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How To Pony a Horse
Richard Winters

With Richard Winters

The idea of ponying (leading) another horse, while riding your own horse, is an extremely common practice among horsemen. This skill can come in handy for myriad of situations. Perhaps you need to move another horse from point A to point B. Also, ponying another horse allows you to exercise two horses at the same time. Whatever the reason, this skill is worth learning for both you and your horse. 

Here are a few things to keep in mind:
Ponying another horse is a skill that every horseman should be comfortable with.

1)Stay organized - With another horse in tow, you now have two horses to control. Rein management is crucial. While leading the second horse, you will have to rein your horse one handed much of the time. If your saddle horse knows how to neck-rein, it will be to your advantage. If not, you’ll need to be able to shorten and lengthen your reins while riding predominately one handed.

2)Handle the lead rope with care - You never want the lead rope to be coiled or wrapped around your hand or wrist in a way that you could get hung up. In a worst-case scenario, you need to be able to let go of the pony horse before things get out of control.

3)Pay attention to your pony horse - Some horses, while being led from horseback, will begin to nip and bite the rump of the saddle horse. Your horse is likely to kick out at the rude pony horse, and now you have problems. Make sure the horse you are ponying stays respectful while being led.

4)Keep the lead rope out from underneath your horse’s tail - When your saddle horse swishes his tail, it’s easy for the lead rope to get stuck up underneath his tail. Many horses get very bothered in this scenario and will jump, kick out or even buck. Pay attention to your lead rope at all times.

How do you get started?
Students practice ponying a horse for the first time.

1)Begin in a confined area - This way, if you have to let go of the pony horse to avoid a wreck, you can safely and easily retrieve him again.

2)Know how your saddle horse handles a rope around his hindquarters - You want your horse desensitized and comfortable with a rope draped and bumping against his rump. Don’t assume your horse can handle this job unless you have adequately set him up for success.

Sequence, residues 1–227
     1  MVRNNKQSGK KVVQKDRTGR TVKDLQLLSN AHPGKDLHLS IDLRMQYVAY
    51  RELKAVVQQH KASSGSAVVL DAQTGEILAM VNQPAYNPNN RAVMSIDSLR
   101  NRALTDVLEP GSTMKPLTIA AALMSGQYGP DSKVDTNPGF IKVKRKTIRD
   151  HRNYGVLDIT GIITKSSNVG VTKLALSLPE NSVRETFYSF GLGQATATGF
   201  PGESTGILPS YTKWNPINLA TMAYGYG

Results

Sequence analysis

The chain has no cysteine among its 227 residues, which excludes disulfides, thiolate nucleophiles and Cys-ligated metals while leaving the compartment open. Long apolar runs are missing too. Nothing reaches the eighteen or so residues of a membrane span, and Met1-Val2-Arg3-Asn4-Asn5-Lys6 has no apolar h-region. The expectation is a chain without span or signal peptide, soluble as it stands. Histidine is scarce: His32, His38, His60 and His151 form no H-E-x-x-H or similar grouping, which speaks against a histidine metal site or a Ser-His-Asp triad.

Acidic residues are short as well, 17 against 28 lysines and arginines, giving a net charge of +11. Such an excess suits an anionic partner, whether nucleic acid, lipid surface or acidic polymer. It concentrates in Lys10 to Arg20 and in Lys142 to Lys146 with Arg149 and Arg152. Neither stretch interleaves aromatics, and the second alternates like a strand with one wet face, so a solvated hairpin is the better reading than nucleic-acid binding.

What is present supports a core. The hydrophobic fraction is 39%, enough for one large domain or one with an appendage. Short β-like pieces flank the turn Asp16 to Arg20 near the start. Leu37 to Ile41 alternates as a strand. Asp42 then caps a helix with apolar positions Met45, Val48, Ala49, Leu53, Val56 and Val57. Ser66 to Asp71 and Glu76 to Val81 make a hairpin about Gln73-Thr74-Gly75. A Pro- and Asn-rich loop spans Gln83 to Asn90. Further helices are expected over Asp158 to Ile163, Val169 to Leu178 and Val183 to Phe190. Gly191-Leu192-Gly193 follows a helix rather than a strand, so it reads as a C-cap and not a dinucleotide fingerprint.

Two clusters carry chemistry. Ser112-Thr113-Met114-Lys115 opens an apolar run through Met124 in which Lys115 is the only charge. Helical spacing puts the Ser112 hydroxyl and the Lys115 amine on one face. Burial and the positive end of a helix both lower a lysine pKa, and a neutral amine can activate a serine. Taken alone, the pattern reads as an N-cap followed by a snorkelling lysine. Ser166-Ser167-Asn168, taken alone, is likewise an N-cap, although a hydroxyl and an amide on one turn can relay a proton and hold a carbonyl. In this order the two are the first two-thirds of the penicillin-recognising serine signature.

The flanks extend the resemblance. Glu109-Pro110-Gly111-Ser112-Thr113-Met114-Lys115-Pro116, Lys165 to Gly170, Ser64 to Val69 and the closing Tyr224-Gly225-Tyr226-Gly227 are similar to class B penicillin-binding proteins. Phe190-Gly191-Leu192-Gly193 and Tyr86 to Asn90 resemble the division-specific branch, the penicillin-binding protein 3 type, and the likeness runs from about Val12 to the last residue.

3)Simulate ponying a horse by having a friend on the ground hold one end of a rope while you practice managing your reins and lead rope at the same time - What happens when your “simulator” horse moves behind your saddle horse and tries to switch sides? If the lead rope is on the right side, you need to have the ability to rotate your horse’s hindquarters away with your right rein and right leg. This will allow you to face up with the pony horse and not become tangled.

4)Practice on both sides - When training young horses, I often work them from my saddle horse. This helps the young horse get comfortable seeing me above him. Stepping around in tight left and right hand circles shows the young horse how to disengage his hindquarters. I am also able to reach down and pat the colt all over his body from above. If the colt is saddled I will often tap the saddle and move it around on both sides as well. All this helps to prepare the young horse for his first ride. As with groundwork, working on both sides is an important step in the learning process.

     Ponying a horse is not only a great skill for you, but it is a great skill for your saddle horse to acquire as well. It will make both you and your horse more versatile, confident and competent. This skill is an invaluable part of a well-rounded horsemanship education.


Cheryl and Richard Winters
Richard Winters Horsemanship
115 Columbia Hill Court
Reno, NV 89508
(805) 504-5480
WintersRanch.com

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